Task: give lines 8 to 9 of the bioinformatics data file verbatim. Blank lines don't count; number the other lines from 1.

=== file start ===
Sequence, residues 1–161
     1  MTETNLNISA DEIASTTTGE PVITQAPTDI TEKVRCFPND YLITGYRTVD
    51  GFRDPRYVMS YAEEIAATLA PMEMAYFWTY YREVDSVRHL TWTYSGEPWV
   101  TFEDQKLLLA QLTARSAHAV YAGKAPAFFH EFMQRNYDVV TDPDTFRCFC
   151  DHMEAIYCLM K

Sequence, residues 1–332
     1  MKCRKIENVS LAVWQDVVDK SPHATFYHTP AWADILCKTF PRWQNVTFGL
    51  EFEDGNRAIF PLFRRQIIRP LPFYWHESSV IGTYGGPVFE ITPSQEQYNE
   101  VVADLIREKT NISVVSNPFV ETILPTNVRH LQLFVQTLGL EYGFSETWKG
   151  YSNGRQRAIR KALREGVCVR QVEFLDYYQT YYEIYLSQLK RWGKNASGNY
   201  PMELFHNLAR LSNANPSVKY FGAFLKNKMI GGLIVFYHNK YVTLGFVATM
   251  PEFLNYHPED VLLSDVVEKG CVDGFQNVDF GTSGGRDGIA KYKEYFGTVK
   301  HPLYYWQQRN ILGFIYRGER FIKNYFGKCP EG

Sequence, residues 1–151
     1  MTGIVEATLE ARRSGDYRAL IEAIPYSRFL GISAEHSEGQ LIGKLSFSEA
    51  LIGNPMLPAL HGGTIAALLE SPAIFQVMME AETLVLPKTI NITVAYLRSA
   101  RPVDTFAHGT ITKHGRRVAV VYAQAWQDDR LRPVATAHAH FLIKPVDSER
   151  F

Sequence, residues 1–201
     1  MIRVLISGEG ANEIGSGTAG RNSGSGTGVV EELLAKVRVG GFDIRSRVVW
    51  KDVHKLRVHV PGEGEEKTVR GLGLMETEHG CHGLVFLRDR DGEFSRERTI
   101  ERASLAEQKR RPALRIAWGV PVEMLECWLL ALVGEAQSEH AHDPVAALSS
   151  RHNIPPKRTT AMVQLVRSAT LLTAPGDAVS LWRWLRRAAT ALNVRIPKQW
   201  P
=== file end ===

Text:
    51  EFEDGNRAIF PLFRRQIIRP LPFYWHESSV IGTYGGPVFE ITPSQEQYNE
   101  VVADLIREKT NISVVSNPFV ETILPTNVRH LQLFVQTLGL EYGFSETWKG